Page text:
Doctor Who fans would probably exterminate their own grandmothers to have been in Don Smith’s shoes. Fifty years ago, on Saturday 22 October 1966, the Radio Times photographer went on set to shoot Patrick Troughton’s debut as the second Doctor. (The Power of the Daleks is a six-part classic now missing from the BBC archives, but has been reconstructed in animation.)
Two weeks earlier, Troughton had recorded the brief transformation from original Doctor William Hartnell at the climax of The Tenth Planet, but it was in episode one of Power that he unveiled his quirky new characterisation – a momentous chapter in television history.
It was the first time they’d changed the lead actor in Doctor Who, but if Troughton, then 46, suffered any first-night nerves, he hid them well. “He was at ease,” Don recalls. “There were no frustrations or tensions that I remember. Pat Troughton was more affable than William Hartnell. Far more. I got on all right with Hartnell, but he wasn’t a happy man about things in general.
“I’d photographed Pat many times before – in various BBC Dickens adaptations, Sherlock Holmes and Dr Finlay’s Casebook – so Doctor Who was kind of a continuation for us. He was a nice man. I got on with him very well. If I said to him, ‘Please Pat, would you lean on the Tardis?’ he was happy to do it. Nothing was too much trouble.”
The Power of the Daleks pitched the new Doctor and his companions Ben and Polly against his arch-foes on the planet Vulcan, a human colony in the future – and it was recorded at the BBC’s Riverside Studios in Hammersmith. “You surprise me,” says Don, “because I always think of the early Doctor Whos being at Lime Grove.” Indeed, most of the 1960s episodes were made at the BBC’s old studio base in Shepherd’s Bush, but many were allocated to Riverside or even BBC Television Centre, which had more modern facilities.
Don worked for Radio Times for some 40 years, having started in 1955, aged 23. He’s retained RT’s assignment ledgers from the 1950s and 60s, which provide a fascinating and invaluable record not only of when photographs were taken but also the dates that many famous TV and radio programmes were in production.
In the ledger (above) The Power of the Daleks is listed as “Dr Who – return of the Daleks”. Don explains: “The code RT 3700 stands for Radio Times and the number of that particular assignment, while 70 RF means I took 70 shots on a Rolleiflex camera. That’s six rolls of film – an unusually high number – so it was a proper photoshoot.” The long list of digits (4, 11, 15… up to 70) refers to individual images he selected and supplied as enlargements. These were all taken on 2¼-inch-square monochrome film, but he also spots that there’s a faint pencil note: “+ 10 colour”. “It was unusual in those days to shoot in colour because RT mainly used black-and-white shots.”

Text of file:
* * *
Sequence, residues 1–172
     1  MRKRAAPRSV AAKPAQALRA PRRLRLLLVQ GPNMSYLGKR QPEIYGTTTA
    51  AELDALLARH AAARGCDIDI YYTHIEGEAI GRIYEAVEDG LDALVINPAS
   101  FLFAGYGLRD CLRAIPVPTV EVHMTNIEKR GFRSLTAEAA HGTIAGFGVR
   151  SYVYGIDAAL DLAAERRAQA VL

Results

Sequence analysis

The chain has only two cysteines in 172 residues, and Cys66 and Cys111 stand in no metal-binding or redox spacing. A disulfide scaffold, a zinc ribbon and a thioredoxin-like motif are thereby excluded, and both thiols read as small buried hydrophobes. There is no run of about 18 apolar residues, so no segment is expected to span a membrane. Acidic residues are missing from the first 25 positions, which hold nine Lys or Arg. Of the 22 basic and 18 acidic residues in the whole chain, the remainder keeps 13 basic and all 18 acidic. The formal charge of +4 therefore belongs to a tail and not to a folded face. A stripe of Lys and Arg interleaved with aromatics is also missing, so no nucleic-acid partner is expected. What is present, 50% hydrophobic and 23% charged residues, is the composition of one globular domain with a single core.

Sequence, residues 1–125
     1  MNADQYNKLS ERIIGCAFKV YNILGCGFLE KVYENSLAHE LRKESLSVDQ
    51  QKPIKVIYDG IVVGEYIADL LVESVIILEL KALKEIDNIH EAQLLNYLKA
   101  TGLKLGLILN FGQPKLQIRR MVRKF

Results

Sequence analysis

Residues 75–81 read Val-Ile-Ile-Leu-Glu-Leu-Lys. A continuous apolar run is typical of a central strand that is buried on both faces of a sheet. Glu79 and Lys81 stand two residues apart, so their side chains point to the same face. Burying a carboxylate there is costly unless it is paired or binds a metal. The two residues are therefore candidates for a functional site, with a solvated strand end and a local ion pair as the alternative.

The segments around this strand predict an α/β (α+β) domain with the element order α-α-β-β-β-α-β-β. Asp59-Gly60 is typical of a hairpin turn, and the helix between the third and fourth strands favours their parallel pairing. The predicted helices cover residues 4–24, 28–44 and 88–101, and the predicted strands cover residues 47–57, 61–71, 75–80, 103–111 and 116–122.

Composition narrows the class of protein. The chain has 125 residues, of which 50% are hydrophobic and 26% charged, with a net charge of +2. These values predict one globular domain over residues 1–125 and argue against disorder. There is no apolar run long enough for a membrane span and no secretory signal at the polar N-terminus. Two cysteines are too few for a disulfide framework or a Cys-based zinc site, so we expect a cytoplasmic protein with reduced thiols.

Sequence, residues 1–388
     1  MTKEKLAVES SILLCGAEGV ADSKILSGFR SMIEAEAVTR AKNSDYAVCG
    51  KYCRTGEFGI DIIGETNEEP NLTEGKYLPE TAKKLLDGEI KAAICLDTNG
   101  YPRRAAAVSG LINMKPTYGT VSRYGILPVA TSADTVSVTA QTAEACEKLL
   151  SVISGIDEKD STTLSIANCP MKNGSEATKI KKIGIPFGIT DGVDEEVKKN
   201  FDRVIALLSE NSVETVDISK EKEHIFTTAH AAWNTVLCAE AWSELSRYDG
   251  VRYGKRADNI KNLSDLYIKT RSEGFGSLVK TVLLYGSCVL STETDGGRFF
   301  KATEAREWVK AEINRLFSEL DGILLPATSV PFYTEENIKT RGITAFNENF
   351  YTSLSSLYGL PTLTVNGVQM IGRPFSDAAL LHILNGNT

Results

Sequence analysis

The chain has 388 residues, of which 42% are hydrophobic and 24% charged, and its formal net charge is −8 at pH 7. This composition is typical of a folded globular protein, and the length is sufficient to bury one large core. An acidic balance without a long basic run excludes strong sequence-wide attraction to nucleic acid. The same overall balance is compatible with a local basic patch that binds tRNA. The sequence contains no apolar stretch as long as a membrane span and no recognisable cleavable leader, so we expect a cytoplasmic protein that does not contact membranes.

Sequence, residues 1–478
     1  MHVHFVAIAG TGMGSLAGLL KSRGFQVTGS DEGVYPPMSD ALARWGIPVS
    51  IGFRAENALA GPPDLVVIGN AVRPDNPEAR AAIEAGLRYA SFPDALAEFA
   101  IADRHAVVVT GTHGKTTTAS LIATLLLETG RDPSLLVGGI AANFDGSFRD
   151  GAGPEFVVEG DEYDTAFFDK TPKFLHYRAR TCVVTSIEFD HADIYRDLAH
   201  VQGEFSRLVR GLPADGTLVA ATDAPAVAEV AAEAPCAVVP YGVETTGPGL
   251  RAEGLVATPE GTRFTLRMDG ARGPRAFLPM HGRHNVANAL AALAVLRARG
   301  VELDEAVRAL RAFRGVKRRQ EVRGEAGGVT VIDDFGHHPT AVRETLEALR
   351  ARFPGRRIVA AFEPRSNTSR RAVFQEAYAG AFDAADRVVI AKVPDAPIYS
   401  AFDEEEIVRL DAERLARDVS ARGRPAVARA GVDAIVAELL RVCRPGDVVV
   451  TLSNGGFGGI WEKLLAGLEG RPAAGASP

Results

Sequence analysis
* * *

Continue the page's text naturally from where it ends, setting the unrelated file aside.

Sadly, few of these 80 images remain in the Radio Times Archive. They’ve been scattered throughout time and space. “In 1966, I was actually working for Radio Times from the Daily Mirror. The Mirror kept all the negatives and when RT wanted a print, they’d phone up and say, ‘Can we have a print of RT 3700 number 40?’ or whatever, then we could print the actual shot they wanted. In March 67, I left the Mirror to join the staff of Radio Times and because the negatives belonged to RT, they were all shipped up to our [former] offices at Marylebone High Street. Over time, various people went through the files for all sorts of programmes and said, ‘Well, we’ll never use those,’ and they were thrown away. Also loads went down to the BBC Picture Publicity department and never came back.”
Across the decades many of the RT photos from The Power of the Daleks have been published in books, annuals, other magazines and online. But perhaps it’s interesting to note what actually was – or was not – printed in RT in 1966. Patrick Troughton was already a well-respected actor on British TV and had featured on the RT cover before, but it was ultimately decided to keep his “look” as the scruffy new Doctor under wraps. So there would be no front-cover portrait and no picture of him inside to publicise his debut episode. Instead, a montage of Don Smith’s Dalek shots adorned the cover, while a small feature depicted the Doctor’s companions.
Gazing at his photos now, Don observes, “These were posed pictures. It looks a bit like they were taken on the run. All I can say is that I used to dive in when I could between scenes. When I think of the slowness of the film, the slowness of the cameras and negatives, the pictures are amazingly good quality. And I’m not saying that because I took them!”
The lighting is moodily atmospheric in some shots, but Don says there wasn’t any special set-up for RT. “No, that was just the studio lighting. Normally we only used their lighting. We couldn’t ask them to change anything.”
The image above looks shaded round the edges. Did he use some kind of mask on his camera lens? “I wouldn’t have done that intentionally,” he admits. “It looks a bit like I was standing in between two TV cameras and they’ve cast this blackness. I’d like to claim all kinds of things,” he laughs, “but I can’t.”